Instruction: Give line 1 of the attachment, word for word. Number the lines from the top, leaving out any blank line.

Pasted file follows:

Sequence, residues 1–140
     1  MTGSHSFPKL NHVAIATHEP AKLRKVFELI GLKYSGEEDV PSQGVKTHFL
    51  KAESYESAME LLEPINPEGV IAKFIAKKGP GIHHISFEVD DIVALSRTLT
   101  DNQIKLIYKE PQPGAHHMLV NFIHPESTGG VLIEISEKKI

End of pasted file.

Sequence, residues 1–140